Winter isn’t just coming in the Twin Cities – it’s a week overdue.

Minneapolis-St. Paul International Airport has yet to report the first fall freeze this year, though it is imminent as temperatures continue to drop into the 30s at night. Much of outstate Minnesota has already experienced their first frost, a sign that the growing season has officially ended.

Since 1960, MSP Airport has recorded an average first freeze date of Oct. 6. Rochester and International Falls fell within that range this year – albeit nearly a month later than they typically see frost on the ground – documenting a freeze Oct. 8. Duluth followed the next day, also past due.

Experts say it’s hard to pinpoint what might cause such a delay in freezing temperatures. One factor might be the amount of precipitation Minnesota had this year, which has saturated the ground for nearly four months straight.

“When you have a lot of moisture, it’s more conducive to keeping more heat in the soil,” said Tony Zaleski, a meteorologist at the National Weather Service in Chanhassen. The Twin Cities collected nearly 8 inches of rain in August, nearly twice as much as a year ago.

The earliest reported freeze at MSP since record keeping began in 1938 was Sept. 4, 1974. Since then, freeze dates have steadily pushed further into the season, landing in mid-to-late October over five decades, according to a Star Tribune analysis of data from the Midwest Regional Climate Center.

Of the three outstate cities we analyzed – Rochester, International Falls and Duluth – Rochester consistently recorded later freeze dates than the others, including MSP, because it is the furthest south. International Falls, nearly 400 miles north of Rochester on the Minnesota-Canada border, broke its earliest freeze date record in 2004, documenting a frost on Aug. 22. The freeze date title of Aug. 24 had previously held its record for nearly 30 years.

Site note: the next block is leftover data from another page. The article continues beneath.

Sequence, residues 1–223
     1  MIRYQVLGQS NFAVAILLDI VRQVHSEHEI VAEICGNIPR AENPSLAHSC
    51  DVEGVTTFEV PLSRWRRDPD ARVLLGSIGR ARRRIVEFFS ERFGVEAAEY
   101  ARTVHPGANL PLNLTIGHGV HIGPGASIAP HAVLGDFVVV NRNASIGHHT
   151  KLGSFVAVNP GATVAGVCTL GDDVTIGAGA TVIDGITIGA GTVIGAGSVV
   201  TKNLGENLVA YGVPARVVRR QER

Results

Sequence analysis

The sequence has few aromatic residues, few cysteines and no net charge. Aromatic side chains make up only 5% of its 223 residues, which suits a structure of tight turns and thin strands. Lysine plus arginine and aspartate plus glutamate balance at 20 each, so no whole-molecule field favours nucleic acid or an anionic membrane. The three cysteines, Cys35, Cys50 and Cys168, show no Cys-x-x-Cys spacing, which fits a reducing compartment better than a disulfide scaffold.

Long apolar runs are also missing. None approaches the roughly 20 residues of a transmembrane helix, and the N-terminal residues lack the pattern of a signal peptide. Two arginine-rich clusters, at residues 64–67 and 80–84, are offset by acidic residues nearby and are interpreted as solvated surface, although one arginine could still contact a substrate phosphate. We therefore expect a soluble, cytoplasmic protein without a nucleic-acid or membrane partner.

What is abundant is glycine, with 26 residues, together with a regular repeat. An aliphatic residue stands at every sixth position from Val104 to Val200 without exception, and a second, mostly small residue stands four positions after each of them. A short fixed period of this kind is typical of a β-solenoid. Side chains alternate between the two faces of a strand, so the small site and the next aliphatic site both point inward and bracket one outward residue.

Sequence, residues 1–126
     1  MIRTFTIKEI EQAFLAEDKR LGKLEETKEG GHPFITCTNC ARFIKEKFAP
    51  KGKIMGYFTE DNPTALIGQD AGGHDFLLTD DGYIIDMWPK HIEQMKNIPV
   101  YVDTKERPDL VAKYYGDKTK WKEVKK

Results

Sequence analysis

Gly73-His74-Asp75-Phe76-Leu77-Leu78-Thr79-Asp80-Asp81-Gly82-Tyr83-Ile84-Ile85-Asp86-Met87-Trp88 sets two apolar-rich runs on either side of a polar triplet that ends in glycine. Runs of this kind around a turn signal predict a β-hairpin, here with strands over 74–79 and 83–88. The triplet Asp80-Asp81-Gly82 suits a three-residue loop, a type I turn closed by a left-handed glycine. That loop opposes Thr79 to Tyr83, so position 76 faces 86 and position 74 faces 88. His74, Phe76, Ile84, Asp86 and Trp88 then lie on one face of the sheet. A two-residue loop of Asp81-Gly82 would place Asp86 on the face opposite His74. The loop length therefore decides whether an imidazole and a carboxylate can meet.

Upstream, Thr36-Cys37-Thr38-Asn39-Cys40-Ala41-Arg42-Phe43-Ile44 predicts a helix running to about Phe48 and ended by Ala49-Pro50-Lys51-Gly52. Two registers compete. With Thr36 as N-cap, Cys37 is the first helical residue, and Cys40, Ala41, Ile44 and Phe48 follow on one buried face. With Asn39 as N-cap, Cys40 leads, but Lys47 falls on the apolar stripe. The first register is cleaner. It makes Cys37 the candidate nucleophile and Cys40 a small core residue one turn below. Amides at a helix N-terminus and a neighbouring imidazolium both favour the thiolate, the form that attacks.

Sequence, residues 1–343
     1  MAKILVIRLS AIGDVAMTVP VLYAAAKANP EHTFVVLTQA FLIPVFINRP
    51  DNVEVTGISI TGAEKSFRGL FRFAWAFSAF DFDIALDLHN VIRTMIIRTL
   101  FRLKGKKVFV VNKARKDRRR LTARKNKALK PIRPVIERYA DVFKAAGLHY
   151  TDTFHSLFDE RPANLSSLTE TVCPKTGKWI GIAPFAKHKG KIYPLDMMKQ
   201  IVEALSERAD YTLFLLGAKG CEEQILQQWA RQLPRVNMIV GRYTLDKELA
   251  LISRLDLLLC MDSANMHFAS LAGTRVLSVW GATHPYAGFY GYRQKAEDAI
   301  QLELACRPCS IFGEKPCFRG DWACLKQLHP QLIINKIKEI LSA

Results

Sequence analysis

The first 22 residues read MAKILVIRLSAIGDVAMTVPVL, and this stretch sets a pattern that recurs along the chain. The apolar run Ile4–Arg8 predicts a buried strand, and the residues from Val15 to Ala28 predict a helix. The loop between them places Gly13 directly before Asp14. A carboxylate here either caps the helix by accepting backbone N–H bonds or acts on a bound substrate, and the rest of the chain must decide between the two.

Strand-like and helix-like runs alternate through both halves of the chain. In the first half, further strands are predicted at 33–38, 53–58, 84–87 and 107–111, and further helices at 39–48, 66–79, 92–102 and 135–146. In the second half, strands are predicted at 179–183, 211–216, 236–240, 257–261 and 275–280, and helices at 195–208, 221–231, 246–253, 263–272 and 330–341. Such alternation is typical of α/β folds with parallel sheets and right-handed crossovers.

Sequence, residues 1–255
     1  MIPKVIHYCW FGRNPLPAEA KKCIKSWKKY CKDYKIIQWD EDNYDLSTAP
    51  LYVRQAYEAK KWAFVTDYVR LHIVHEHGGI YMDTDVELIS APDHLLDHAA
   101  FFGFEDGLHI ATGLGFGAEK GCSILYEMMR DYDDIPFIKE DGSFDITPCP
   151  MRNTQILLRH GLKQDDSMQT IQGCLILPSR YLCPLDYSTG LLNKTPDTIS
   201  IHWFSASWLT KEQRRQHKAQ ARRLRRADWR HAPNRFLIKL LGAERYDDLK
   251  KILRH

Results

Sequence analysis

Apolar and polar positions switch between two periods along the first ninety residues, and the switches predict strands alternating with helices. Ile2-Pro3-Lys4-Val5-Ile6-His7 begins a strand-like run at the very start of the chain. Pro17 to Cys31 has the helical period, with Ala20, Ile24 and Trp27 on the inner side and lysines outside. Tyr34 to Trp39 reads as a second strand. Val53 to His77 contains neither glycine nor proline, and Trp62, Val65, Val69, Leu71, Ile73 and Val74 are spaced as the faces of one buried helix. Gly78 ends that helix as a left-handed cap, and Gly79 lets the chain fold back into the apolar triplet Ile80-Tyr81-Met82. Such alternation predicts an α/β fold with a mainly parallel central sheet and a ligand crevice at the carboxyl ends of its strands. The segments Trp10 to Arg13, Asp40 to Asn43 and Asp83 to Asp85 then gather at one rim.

As expected, Duluth has typically fallen somewhere between the dates of International Falls and Rochester.

Outstate cities consistently freeze three weeks to a month on average before MSP. However, that was not the case this year.

The earliest MSP has ever recorded a freeze was Sept. 3, more than two weeks earlier than the next closest freeze date of Sept. 20. The latest frost date in the Twin Cities was Oct. 29, 1963. Forecasters say it is unlikely that we will keep the chilling weather at bay until Halloween this year, as there are active freeze warnings this week in Hennepin and Ramsey County.

With freeze dates in what should typically still be summer for most of the state, International Falls experiences a significantly shorter growing season than the Twin Cities area. In certain years, that gap can stretch two months or more.

MSP’s Sept. 3 record appears to be an outlier compared with the other cities. It is earlier than the top three freeze dates from Rochester and the third record from Duluth. Minneapolis has not seen a freeze date remotely that early in more than 30 years. Minnesotans may not want the first freeze to land that early ever again, since it’s a date that lands squarely at what most residents think of as the beginning of fall.